The primary goal in assessment is a level of market value, and fair process; not a pin-pointed single property appraised value. The general concept is that if everyone’s property value is calculated the same way, using the same uniform methods and techniques, while using sales prices within the municipality as the benchmark, than a level of market value will be achieved and the tax distribution should be fair and equitable.
 
Who is the assessor and who says they can be an assessor?
 
The assessor is appointed by the municipality and must meet the qualifications set out in the Municipal Assessor Regulation (MAR). Such legislation requires the assessor to be accredited by recognized appraisal and/or assessment organizations. Municipalities employing Powers & Associates for mass appraisal purposes, have an advantage in obtaining a firm that has staff which are accredited in Assessment AND Appraisal in the Province of Alberta.
 
I’ve received my tax notice and it seems incorrect, what should I do to confirm my assessment?
 
Check the neighboring assessments. The full assessment roll is available for viewing at the Civic Centre, City Hall, and Village/Town Office on a self-serve basis. 
 
Alternately the information (assessment, size, year built, etc…) may be made available on the City/Town/Village website. If assistance is required by municipal staff, a fee may be associated.
 
Assessments in the City of Leduc can be reviewed here: https://www.leduc.ca/city-maps/assessment-services-online-viewer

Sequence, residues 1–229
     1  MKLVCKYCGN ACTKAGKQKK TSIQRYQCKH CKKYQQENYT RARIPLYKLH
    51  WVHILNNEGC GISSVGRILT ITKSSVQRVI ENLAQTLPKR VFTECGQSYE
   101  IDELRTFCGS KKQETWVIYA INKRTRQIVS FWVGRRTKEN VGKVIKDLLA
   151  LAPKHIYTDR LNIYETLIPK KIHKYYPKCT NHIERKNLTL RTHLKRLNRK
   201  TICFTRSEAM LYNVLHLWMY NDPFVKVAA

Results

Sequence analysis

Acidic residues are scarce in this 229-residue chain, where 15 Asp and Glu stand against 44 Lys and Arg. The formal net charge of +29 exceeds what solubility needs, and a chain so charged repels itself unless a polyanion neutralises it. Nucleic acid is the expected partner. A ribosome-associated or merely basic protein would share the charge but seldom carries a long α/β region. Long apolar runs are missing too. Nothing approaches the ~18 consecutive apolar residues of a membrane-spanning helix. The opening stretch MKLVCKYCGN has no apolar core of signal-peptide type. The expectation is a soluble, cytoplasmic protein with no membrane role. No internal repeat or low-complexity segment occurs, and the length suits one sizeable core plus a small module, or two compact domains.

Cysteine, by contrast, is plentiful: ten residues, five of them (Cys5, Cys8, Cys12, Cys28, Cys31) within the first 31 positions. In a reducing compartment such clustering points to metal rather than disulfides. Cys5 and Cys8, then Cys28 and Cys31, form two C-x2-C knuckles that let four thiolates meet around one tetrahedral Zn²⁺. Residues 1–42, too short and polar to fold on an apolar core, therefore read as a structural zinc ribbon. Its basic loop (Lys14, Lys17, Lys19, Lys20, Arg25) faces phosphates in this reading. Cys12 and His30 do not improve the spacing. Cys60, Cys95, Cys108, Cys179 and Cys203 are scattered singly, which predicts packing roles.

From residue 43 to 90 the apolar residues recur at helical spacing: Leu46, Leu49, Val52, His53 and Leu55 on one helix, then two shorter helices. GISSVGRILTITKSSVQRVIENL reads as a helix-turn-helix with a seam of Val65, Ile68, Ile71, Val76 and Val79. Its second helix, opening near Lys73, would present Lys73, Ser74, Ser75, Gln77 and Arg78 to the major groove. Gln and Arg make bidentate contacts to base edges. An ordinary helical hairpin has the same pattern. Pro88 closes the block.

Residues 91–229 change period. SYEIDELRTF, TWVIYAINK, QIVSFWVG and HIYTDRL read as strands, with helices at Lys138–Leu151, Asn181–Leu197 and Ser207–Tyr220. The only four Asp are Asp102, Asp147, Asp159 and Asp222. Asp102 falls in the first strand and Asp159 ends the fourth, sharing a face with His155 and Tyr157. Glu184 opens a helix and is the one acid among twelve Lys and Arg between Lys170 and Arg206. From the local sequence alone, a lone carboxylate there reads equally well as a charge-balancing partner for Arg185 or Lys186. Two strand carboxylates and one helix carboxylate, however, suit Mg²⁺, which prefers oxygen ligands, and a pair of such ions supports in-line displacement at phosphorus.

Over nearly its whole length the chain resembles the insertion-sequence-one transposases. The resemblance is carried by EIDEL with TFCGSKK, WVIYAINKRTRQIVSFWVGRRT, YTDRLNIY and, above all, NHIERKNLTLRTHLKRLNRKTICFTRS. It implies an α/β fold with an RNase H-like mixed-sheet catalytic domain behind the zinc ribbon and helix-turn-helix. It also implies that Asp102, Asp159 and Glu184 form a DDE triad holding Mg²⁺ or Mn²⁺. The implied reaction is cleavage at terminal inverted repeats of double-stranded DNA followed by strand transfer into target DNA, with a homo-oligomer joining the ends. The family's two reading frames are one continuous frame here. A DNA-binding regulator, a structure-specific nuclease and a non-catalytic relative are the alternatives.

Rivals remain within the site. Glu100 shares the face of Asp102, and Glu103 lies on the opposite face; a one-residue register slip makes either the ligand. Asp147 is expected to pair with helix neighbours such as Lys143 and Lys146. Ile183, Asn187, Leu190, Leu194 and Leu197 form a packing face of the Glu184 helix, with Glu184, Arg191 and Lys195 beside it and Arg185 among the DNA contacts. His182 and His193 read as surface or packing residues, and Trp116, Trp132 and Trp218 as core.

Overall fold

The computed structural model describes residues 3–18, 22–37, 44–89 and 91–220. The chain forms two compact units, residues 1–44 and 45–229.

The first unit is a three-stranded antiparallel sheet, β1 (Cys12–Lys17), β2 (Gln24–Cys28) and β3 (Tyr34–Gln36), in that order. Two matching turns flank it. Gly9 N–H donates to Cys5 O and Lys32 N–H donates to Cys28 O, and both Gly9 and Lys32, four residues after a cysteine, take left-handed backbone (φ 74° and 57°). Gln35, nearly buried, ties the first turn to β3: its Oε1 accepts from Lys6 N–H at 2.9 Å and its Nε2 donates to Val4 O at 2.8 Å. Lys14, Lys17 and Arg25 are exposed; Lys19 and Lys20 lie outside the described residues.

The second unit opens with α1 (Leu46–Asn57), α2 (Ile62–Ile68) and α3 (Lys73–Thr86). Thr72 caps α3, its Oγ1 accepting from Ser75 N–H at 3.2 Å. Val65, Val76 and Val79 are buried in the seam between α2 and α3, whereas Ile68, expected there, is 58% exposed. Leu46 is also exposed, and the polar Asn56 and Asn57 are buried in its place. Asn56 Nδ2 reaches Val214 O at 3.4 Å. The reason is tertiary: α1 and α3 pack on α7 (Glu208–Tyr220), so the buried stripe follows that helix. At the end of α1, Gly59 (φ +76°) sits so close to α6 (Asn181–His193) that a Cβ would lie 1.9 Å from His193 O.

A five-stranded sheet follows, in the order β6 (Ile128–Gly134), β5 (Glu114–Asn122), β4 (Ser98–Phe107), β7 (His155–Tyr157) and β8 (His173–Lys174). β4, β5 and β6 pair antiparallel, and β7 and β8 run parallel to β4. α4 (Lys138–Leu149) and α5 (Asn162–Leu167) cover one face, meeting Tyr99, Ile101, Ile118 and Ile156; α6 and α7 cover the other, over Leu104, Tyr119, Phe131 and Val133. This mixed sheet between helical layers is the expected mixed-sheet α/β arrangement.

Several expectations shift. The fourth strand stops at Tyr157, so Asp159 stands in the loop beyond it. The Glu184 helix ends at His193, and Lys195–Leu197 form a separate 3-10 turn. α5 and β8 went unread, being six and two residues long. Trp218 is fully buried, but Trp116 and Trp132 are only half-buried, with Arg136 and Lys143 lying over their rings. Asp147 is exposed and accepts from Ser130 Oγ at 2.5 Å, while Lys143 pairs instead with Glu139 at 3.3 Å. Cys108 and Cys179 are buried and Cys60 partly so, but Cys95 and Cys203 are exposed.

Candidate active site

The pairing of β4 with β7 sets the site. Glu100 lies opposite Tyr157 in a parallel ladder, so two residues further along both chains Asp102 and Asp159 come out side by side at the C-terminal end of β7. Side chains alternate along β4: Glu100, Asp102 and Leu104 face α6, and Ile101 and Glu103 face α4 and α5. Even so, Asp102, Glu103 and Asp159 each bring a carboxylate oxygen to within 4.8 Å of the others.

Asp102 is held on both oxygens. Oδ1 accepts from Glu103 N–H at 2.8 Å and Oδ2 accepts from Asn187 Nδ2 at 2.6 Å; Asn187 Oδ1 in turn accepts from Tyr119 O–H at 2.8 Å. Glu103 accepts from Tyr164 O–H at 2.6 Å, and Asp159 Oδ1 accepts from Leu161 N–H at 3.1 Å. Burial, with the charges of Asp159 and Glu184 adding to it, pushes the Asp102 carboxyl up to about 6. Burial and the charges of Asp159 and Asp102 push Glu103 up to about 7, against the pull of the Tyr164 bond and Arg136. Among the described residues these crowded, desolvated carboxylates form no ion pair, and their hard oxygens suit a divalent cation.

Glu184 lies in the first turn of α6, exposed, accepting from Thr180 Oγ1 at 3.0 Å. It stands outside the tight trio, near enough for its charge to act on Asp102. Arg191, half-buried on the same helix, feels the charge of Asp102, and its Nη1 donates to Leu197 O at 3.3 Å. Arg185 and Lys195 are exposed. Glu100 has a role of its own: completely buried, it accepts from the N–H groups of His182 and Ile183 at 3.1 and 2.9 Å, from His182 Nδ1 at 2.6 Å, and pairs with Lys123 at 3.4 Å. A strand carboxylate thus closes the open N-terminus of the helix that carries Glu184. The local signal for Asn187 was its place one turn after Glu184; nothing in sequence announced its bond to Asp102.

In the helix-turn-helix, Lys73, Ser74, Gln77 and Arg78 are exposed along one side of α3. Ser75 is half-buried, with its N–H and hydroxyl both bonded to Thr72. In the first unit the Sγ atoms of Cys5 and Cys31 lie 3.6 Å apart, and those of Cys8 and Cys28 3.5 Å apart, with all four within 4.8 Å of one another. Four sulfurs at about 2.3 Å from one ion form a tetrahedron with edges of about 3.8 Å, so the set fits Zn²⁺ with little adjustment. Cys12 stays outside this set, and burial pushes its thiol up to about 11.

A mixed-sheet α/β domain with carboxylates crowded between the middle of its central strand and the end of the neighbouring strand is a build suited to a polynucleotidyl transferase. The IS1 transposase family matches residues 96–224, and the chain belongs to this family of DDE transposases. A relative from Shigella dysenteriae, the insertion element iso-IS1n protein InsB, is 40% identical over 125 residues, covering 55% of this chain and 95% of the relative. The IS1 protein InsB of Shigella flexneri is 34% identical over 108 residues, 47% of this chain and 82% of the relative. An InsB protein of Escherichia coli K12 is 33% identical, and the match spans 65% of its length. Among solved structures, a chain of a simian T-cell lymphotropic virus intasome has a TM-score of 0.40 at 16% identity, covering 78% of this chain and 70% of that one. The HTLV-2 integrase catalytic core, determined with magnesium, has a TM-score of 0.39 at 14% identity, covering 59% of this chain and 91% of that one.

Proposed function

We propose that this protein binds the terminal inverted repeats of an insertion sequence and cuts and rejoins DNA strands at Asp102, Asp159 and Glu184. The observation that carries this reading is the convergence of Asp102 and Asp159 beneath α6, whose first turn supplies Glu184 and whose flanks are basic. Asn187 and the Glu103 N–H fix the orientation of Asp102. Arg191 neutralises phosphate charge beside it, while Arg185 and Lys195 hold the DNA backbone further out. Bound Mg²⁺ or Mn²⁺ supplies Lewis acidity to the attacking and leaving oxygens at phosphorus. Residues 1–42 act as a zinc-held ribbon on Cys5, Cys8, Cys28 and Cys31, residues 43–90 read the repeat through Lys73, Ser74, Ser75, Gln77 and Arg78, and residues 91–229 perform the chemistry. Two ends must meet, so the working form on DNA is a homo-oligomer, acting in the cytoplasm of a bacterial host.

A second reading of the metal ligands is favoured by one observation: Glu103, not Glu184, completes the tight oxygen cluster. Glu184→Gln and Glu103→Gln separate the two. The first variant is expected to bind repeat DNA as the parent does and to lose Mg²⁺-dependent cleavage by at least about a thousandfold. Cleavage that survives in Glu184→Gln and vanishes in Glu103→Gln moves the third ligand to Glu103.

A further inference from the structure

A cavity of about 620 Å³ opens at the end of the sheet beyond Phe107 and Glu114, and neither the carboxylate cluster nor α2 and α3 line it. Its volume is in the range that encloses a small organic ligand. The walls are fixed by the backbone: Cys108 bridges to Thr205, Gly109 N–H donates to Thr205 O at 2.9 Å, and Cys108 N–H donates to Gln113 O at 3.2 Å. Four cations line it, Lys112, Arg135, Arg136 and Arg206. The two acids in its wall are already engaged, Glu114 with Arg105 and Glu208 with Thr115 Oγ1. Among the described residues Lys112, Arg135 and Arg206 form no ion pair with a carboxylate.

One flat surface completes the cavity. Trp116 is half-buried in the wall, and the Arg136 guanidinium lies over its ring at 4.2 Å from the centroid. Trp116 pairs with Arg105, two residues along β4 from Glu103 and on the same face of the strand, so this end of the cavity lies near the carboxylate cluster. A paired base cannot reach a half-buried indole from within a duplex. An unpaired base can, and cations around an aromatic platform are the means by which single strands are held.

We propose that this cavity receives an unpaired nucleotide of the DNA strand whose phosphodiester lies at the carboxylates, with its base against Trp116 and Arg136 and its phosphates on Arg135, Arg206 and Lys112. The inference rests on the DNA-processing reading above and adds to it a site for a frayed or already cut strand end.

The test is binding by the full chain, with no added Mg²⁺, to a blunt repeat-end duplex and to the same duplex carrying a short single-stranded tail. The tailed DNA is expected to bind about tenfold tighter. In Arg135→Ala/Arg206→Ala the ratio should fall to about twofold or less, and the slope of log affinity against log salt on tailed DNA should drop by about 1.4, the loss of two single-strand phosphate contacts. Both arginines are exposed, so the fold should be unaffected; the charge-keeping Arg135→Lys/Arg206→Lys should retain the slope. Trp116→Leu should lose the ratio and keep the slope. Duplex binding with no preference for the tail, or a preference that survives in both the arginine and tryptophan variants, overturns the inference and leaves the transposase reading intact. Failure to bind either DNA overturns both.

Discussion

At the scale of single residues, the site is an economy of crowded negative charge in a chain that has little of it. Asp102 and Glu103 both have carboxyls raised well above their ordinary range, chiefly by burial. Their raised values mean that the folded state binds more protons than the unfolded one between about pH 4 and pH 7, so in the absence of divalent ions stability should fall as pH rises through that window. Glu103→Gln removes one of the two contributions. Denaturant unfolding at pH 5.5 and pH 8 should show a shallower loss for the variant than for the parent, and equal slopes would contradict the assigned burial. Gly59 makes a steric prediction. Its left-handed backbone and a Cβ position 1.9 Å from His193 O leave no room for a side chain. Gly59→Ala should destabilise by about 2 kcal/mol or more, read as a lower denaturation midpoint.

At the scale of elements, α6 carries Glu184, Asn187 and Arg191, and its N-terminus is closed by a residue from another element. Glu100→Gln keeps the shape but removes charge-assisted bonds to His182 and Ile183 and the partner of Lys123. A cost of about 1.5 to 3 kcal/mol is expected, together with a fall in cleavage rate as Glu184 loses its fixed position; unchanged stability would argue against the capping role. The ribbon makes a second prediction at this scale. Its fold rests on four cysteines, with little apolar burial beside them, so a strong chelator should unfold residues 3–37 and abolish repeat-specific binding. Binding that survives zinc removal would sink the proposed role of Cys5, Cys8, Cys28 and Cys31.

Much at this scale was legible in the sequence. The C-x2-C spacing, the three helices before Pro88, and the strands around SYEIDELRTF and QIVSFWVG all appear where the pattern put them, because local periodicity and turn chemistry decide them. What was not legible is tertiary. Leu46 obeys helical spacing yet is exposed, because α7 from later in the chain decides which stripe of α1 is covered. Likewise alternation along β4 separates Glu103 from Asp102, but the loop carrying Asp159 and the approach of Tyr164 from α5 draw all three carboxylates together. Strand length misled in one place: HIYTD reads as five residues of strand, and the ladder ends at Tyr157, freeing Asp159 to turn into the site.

What should I be checking for?
 
The goal is to find houses/properties that are similar to yours, i.e. two stories should be compared with two stories, bungalows to bungalows, and bi-levels to bi-levels.
           
Many factors are taken into consideration in preparing the assessment and it is important to also consider these things when making comparison.
 
·         Lot size,
·         neighbourhood,
·         age of home,
·         house size,
·         number of bathrooms,
·         finishing materials,
·         garages,
·         basement finish, etc.  
 
Much of this information is not available on the website, however, an appointment with the assessor can assist in acquiring this information. There is no fee to meet with the assessor, and the City of Leduc provides on-site assessment staff (within the civic centre) for its ratepayers.
 
Why do I have to do all of this work?   Isn’t it the assessor’s problem?
 
The assessor spends the year preceding the mailing of the assessment notices, preparing the assessment for yours and every other property in the municipality. The assessor has already put out an assessed value of your home that they have determined to be fair and equitable. The onus is then shifted to the ratepayer (you) to show and prove the assessor is incorrect.